How is Faber similar to and different from Montag?
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Faber and Montag both desire knowledge (Montag has just realized how much). They also want to bring down the oppressive system by planting books in the homes of firemen throughout the country and calling in alarms, to shake the people's faith in the men they both fear and revere for "protecting" the nation from the dangers of books. Faber is different than Montag in that he is careful. Montag's enthusiasm and rash behavior are self-destructive.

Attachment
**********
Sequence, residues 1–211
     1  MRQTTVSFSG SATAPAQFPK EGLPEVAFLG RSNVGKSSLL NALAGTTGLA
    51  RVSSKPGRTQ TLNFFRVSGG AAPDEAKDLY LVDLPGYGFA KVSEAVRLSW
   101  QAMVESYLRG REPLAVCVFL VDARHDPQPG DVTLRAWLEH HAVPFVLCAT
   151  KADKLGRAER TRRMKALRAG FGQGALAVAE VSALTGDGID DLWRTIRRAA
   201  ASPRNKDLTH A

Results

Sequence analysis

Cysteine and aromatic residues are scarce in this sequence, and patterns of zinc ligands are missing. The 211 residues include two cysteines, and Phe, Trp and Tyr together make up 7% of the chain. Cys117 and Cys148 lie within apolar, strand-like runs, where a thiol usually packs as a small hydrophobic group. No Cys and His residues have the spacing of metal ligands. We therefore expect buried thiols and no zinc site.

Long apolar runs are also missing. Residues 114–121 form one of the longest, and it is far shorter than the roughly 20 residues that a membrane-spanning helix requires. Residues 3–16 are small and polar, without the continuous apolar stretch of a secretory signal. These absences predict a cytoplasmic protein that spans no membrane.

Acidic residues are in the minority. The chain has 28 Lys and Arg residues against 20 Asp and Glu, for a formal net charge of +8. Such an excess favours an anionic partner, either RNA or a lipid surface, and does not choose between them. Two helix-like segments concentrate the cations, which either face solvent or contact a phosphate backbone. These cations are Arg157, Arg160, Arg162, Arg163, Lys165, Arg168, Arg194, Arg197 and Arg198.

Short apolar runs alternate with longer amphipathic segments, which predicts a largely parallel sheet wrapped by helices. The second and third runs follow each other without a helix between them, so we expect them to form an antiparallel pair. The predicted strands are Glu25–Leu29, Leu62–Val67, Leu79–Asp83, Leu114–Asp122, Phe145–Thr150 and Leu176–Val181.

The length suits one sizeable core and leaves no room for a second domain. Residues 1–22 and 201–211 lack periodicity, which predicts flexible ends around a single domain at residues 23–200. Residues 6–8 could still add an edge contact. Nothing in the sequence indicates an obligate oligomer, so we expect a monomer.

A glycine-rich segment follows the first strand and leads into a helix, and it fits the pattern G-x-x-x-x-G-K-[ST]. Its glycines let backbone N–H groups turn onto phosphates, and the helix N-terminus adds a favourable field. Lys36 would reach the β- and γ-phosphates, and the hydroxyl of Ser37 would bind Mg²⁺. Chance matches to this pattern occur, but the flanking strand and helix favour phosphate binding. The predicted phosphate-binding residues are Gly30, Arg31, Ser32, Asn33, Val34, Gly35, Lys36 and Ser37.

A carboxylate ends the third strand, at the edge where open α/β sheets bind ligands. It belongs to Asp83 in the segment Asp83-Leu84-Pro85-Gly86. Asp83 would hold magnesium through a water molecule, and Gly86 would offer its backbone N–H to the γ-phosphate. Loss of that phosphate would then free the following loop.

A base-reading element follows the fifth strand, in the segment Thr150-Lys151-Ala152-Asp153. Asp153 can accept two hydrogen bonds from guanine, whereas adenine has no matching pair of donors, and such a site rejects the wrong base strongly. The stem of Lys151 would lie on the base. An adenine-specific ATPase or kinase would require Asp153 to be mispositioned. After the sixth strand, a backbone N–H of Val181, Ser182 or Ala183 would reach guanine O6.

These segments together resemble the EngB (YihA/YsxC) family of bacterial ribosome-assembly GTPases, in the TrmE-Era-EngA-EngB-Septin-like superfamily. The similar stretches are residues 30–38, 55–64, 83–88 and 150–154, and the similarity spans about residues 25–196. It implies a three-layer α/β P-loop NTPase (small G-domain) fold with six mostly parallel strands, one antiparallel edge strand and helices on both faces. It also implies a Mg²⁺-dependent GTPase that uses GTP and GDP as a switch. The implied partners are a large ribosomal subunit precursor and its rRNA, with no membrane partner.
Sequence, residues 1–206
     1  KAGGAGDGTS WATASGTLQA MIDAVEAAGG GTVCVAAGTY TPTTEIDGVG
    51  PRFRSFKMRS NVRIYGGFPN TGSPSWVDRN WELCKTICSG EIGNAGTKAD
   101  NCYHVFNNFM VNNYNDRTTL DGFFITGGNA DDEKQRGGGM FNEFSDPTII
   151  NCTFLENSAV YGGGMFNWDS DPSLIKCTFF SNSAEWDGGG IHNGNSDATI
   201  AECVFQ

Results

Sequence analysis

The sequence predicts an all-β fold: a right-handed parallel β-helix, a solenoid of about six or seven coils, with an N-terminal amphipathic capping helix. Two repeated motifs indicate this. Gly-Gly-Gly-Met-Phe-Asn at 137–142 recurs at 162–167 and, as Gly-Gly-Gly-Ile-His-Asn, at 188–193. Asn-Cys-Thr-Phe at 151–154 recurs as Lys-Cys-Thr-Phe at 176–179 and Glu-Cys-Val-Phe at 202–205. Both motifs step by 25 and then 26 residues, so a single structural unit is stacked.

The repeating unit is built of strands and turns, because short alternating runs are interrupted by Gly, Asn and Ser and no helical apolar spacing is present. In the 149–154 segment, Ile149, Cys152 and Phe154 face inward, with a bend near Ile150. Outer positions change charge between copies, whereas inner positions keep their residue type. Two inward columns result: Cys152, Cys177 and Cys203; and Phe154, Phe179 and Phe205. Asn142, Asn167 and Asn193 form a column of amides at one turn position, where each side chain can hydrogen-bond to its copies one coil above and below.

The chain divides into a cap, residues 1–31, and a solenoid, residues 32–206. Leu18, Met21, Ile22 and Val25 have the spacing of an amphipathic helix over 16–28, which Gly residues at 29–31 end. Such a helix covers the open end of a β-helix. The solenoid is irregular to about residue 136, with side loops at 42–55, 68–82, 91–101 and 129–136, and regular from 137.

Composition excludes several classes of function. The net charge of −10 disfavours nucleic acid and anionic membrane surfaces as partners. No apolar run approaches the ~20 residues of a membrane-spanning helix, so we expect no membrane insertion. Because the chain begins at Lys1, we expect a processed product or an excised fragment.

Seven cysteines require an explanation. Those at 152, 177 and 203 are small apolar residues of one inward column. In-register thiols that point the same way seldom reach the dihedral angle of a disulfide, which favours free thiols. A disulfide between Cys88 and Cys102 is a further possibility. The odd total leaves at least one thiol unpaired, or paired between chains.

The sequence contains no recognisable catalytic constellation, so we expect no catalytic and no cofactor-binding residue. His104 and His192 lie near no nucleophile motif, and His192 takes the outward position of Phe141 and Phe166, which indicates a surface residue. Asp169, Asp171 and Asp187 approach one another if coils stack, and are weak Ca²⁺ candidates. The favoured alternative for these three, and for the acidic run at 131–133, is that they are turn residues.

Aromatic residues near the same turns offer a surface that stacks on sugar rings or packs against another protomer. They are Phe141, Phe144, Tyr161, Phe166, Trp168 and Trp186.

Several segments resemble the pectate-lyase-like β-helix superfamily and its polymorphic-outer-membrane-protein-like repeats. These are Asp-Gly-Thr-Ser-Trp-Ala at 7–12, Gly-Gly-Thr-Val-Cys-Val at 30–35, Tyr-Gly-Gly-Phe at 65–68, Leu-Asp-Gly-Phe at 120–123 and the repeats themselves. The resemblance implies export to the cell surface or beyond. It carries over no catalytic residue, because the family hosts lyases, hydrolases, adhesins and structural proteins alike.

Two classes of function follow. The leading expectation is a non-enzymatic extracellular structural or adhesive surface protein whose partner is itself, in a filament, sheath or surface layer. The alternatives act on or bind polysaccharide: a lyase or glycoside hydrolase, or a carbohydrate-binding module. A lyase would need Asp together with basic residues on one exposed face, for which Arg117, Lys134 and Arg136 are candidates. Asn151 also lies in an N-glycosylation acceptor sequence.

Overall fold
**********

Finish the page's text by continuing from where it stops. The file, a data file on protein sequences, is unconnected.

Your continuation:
The introduction of Faber's character into the novel is quite significant. The old man represents knowledge. He is educated and realizes that book banning and book burning has made people less, rather than more, enlightened. Much of the imagery associated with Faber incorporates the color white - his walls, skin, hair, beard, eyes, are all described as white. Thus, his character is portrayed as pure and unspoiled amidst the technology that has sullied the minds and characters of so many others. Faber is likened to water, a cleansing, renewing entity, which, when combined with the fire associated with Montag, should, ideally, give rise to the "wine" of truth and knowledge.